March 14, 2017
IT’S DIFFERENT WHEN THEY DO IT: From China With Love.
Clinton’s 1996 re-election campaign received millions of dollars in illegal contributions from Chinese donor that were channeled through the Democratic National Committee, according to a Senate Committee on Homeland Security and Government Reform.
Johnny Chung, a businessman born in Taiwan, had a partner, Liu Chaoying, a high-ranking military leader and intelligence officer in China. Liu wired hundreds of thousands of dollars, which illegally went to the DNC. The duo also sent campaign funds to U.S. Sen. John Kerry for his reelection bid to the Senate. Liu’s father was one of Mao’s fellow travelers.
Chung visited the White House nearly 50 times—most of them authorized by Hillary Clinton. In one visit, Hillary met with Chung and his visiting delegation of Chinese businessmen from state-run companies. After another visit, Chung paid the DNC $50,000. In exchange, Chung was allowed to bring some of his investoCrs to see the president deliver one of his radio addresses.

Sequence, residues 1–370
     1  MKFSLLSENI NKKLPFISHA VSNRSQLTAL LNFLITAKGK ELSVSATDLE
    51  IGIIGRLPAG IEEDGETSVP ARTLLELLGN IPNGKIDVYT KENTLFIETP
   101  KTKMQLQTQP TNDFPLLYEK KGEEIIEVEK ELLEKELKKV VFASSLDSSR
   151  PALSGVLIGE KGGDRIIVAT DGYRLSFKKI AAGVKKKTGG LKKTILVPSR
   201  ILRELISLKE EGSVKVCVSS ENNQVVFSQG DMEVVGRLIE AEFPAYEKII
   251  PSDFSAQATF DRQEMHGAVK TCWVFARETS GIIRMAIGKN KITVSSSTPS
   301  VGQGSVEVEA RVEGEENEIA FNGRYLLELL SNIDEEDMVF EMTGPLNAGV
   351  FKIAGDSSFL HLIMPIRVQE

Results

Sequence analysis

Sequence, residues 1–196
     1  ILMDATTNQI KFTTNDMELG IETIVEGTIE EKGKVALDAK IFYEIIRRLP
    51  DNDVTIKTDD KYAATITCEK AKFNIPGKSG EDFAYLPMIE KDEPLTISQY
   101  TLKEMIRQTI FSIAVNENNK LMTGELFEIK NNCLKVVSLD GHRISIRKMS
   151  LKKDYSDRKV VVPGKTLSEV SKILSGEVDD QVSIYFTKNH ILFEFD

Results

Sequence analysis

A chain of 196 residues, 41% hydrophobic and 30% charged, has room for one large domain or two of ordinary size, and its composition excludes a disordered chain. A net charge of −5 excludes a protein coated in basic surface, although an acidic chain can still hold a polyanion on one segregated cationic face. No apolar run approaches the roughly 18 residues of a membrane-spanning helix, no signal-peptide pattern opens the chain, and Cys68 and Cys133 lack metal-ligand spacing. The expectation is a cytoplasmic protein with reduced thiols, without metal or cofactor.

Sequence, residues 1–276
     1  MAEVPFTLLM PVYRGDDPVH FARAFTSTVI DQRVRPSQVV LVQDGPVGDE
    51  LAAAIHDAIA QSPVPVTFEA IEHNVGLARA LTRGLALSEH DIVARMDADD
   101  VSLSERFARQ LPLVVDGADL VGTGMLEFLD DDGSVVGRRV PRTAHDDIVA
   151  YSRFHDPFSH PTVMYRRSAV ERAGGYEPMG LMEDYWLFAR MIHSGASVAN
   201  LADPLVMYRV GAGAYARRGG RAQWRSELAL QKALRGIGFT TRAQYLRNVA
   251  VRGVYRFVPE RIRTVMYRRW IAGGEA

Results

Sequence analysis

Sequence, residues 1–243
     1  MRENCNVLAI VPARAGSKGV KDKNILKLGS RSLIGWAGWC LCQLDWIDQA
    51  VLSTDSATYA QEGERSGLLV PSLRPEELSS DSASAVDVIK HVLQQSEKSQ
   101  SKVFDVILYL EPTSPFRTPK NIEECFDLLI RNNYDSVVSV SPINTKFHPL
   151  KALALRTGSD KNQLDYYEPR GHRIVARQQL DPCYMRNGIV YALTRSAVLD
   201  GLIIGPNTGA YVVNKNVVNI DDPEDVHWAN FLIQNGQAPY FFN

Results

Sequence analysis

Another operative for the Clintons was John Huang, who raised millions of dollars for Dollar Bill in the Asian-American community. In 1996, Huang bundled $3.4 million for the DNC—much of which was returned after a Senate investigation found that the contributions were illegal.
Charlie Trie owned a restaurant in Little Rock that was frequented by his friend then-Governor Clinton. After Clinton won the presidency, Trie went to Washington to cash in on their friendship. He thought his association could help him develop more business contacts in Asia. One of them was Hong Kong businessman Ng Lap Seng. Seng would wire a million dollars to Trie. From 1994 to 1996, Trie directly sent $200,000 to the DNC. Trie provided the rest of the money to other people who later sent that money to the DNC. Trie also helped raised another $640,000 for Bill Clinton’s Legal Defense Fund.
According to the House Committee on Government Reform and Oversight, 94 people were called to testify about the illegal campaign contributions to the 1996 Clinton campaign and the DNC. Of nearly 100 people called before the committee, 57 invoked the Fifth Amendment, 18 fled the country and 19 foreign witnesses refused to testify.
But the China connection to the Clintons didn’t end there.
Read the whole thing.
The Clinton saga is largely forgotten because, hey, Clintons, and also in part because there was no way the Republicans were going to unseat a popular president presiding over a booming economy. Clinton didn’t need Chinese money to beat Bob Dole — he just reflexively took it because, hey, Clintons.
And give Bill credit where it’s due: He was an honest enough politician to stay bought.